Written by Audio

Hrafn: Conversations with Odin


What did you do as the sun set on Sunday evening?

I found myself lying under a pine tree at the edge of Kielder Forest in Northumberland, near the village of Stonehaugh, listening to a roost of ravens.

The sun went down, the wind was up, and a soft rain fell. But about 80 of us were listening to the ravens.

And they weren’t even there.

We were listening to a recording, pieced together from live recordings made in a Welsh forest by Chris Watson. Hrafn: Conversations with Odin was a sound installation in the forest itself. Above our heads, well camouflaged, were speakers creating a remarkable acoustic effect. Slowly but surely, two thousand ravens were arriving in the forest.

It was quite an hypnotic experience lasting a full forty minutes as the sun set in the cloudy sky above us.

As you might anticipate, mid-October in rural Northumberland, the weather could be mixed. But in fact, the wind and the rain added to the experience. I’ve no idea how they secured those speakers into the trees, but I know they were there hidden beyond our gaze. And I know firsthand that pine trees sway an awful lot in the wind.

The whole production was produced by Chris Watson (who’s course I attended recently) and Iain Pate. It was funded by Jerwood Open Forest, comprising of the Jerwood Charitable Foundation and the Forestry Commission.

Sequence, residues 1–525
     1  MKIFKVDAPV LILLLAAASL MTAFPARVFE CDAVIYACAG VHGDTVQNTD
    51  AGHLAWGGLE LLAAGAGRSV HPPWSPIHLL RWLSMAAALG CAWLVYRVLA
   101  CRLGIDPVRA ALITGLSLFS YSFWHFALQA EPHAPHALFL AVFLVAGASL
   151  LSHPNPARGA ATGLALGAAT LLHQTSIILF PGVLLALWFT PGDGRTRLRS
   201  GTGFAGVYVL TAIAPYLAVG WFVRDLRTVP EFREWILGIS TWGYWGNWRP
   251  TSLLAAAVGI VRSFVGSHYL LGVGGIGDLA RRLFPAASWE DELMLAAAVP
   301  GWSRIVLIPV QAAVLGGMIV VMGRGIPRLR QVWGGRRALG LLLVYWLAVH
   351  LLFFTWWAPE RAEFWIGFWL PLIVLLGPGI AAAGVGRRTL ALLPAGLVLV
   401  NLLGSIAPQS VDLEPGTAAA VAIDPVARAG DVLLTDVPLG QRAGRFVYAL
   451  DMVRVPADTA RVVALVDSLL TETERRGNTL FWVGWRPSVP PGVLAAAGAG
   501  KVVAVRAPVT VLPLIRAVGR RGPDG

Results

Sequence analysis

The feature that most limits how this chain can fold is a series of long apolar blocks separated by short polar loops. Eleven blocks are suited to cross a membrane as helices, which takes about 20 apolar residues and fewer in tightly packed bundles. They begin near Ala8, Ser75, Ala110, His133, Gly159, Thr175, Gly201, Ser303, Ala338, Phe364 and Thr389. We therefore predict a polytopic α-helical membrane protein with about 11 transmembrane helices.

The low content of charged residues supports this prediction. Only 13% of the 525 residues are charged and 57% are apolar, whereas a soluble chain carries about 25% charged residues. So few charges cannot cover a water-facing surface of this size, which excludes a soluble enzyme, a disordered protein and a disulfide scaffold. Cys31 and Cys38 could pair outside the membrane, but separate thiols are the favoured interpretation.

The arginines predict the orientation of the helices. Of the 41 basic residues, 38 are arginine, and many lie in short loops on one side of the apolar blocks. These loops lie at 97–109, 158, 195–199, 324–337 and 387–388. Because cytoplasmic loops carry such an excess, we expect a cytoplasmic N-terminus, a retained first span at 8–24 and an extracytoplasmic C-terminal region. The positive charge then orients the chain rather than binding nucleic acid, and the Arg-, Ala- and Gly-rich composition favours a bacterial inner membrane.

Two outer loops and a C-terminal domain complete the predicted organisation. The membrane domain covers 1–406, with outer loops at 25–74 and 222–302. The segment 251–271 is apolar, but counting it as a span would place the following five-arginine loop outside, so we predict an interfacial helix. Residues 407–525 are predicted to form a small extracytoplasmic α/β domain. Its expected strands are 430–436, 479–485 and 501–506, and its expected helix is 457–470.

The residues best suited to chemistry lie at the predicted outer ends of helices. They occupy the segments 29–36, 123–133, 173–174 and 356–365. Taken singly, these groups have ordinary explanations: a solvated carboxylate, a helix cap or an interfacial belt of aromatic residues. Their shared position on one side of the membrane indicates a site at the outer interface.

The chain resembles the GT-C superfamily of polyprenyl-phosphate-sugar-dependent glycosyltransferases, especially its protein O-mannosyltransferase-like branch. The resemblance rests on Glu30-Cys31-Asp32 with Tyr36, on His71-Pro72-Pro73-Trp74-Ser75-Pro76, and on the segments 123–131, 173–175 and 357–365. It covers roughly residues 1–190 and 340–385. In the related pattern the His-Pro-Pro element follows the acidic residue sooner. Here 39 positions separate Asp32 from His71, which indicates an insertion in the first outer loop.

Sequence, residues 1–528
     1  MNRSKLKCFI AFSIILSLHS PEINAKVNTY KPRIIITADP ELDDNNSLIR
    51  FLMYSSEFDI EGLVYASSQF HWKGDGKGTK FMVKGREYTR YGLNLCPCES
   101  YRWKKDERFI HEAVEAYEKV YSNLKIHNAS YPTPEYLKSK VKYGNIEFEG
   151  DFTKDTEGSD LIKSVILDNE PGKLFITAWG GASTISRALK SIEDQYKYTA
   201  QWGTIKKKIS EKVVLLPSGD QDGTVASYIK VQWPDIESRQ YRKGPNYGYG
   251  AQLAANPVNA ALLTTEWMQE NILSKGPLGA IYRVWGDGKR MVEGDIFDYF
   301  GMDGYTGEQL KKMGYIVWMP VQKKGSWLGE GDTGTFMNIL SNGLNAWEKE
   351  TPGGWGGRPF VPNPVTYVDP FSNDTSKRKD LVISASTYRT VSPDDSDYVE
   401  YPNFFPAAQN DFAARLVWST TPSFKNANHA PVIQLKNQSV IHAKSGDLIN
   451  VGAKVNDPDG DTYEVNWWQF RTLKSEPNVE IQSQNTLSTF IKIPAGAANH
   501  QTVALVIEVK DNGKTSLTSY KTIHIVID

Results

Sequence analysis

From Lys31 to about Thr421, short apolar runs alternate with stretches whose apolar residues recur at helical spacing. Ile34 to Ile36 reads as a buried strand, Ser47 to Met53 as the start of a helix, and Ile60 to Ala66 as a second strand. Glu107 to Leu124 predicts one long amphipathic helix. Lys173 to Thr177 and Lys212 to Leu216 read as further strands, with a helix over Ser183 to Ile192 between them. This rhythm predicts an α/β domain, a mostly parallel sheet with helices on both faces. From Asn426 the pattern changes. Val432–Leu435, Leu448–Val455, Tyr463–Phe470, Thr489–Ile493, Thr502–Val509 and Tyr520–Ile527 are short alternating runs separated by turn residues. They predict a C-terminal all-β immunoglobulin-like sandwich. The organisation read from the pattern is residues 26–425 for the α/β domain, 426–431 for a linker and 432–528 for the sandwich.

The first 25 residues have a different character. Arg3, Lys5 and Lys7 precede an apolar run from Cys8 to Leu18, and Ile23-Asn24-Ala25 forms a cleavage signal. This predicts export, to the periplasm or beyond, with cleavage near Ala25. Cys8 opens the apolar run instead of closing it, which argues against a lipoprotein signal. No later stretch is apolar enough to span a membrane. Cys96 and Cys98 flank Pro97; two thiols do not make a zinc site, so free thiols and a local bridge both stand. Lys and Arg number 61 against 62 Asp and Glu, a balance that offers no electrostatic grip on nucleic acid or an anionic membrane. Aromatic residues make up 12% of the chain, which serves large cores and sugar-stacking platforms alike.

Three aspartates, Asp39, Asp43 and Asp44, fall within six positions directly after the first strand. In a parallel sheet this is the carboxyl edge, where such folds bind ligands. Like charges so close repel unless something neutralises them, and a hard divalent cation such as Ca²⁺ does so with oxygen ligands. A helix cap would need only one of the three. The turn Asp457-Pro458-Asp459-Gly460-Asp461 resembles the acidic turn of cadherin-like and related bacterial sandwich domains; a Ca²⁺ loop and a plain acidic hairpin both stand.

Ravens do seem to be an interesting bird. At “Hrafn” (which is Old Norse for Raven), we were told of Hunginn and Muninn, the pair of ravens from Norse mythology who would fly across the land listening out for information that they would report back to Odin. Ravens are some of the most intelligent birds, and they have larger brains than many species, and use a broader range of calling sounds. Could their communication be deeper than that of other birds? That was a suggestion we were left with

They’re use in ancient mythologies from many places, which probably explains why authors from Edgar Allen Poe to JRR Tolkien and George RR Martin have used them in their literature.

The hope is that more ravens will repopulate our landscapes. Have a liten to “ravens” as they featured at the start of the year on Radio 4’s Tweet of the Day.

So was it all worth me leaving home at 7.45am on Sunday morning, getting the train up to Newcastle, and then going on an hour long coach trip to reach the forest, before heading back?

Certainly. Although you’ll have to take my word for it, as the day I was there was the last of the four days of the installation.

But I also now know that I need to go back to Kielder sometime – a beautiful area that I’ve never visited before.